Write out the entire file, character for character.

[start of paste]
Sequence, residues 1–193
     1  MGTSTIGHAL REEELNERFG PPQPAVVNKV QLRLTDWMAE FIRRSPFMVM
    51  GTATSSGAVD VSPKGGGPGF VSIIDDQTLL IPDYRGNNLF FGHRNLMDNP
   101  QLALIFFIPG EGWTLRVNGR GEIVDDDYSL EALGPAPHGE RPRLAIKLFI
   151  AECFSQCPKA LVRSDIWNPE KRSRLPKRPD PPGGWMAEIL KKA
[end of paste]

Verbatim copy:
Sequence, residues 1–193
     1  MGTSTIGHAL REEELNERFG PPQPAVVNKV QLRLTDWMAE FIRRSPFMVM
    51  GTATSSGAVD VSPKGGGPGF VSIIDDQTLL IPDYRGNNLF FGHRNLMDNP
   101  QLALIFFIPG EGWTLRVNGR GEIVDDDYSL EALGPAPHGE RPRLAIKLFI
   151  AECFSQCPKA LVRSDIWNPE KRSRLPKRPD PPGGWMAEIL KKA